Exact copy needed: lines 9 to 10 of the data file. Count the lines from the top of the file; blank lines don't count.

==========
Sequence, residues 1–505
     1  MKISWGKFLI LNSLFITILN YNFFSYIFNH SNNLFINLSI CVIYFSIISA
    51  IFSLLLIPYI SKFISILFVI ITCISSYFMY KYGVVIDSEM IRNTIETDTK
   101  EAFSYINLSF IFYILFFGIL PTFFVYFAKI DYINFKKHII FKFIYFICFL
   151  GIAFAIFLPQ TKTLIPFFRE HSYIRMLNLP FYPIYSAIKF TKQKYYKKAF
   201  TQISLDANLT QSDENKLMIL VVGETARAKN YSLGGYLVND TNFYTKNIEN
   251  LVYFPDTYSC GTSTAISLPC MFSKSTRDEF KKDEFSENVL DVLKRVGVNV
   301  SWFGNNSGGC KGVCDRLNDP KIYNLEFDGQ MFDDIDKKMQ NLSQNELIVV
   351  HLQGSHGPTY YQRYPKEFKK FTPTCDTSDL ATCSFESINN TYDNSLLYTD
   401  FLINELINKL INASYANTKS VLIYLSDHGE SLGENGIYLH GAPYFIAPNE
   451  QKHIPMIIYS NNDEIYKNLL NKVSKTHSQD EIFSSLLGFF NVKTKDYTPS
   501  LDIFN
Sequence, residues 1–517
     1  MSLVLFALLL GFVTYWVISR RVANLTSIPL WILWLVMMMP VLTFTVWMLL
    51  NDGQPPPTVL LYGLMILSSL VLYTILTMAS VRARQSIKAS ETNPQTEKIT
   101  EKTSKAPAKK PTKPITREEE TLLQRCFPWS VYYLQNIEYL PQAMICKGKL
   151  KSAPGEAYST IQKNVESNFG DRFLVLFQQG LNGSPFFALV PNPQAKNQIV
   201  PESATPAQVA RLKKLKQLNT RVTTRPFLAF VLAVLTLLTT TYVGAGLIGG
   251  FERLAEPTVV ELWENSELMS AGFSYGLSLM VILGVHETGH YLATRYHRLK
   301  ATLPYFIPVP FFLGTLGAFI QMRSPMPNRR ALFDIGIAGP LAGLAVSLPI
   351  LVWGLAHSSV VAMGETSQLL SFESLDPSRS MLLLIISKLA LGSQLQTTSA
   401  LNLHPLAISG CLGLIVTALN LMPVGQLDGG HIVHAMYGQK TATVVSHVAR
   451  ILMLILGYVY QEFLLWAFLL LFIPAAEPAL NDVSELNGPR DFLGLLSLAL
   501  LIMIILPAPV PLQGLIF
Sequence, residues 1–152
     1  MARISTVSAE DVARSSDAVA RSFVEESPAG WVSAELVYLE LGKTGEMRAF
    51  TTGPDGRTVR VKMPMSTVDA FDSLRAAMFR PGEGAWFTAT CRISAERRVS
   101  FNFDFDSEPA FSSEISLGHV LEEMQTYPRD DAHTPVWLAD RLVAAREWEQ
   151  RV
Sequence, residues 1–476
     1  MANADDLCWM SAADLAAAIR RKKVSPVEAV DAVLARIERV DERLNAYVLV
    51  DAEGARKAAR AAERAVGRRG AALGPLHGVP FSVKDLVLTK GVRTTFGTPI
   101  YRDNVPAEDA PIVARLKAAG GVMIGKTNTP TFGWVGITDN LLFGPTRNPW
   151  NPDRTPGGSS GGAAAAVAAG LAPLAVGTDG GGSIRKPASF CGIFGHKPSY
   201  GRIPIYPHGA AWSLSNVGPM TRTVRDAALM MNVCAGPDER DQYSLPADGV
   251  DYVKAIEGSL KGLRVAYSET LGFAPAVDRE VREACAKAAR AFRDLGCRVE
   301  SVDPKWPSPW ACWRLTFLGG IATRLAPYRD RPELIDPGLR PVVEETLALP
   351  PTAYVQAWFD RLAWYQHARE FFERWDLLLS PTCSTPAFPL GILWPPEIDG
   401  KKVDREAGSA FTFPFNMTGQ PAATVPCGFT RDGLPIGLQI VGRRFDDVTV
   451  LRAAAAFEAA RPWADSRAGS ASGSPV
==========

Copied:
   351  HLQGSHGPTY YQRYPKEFKK FTPTCDTSDL ATCSFESINN TYDNSLLYTD
   401  FLINELINKL INASYANTKS VLIYLSDHGE SLGENGIYLH GAPYFIAPNE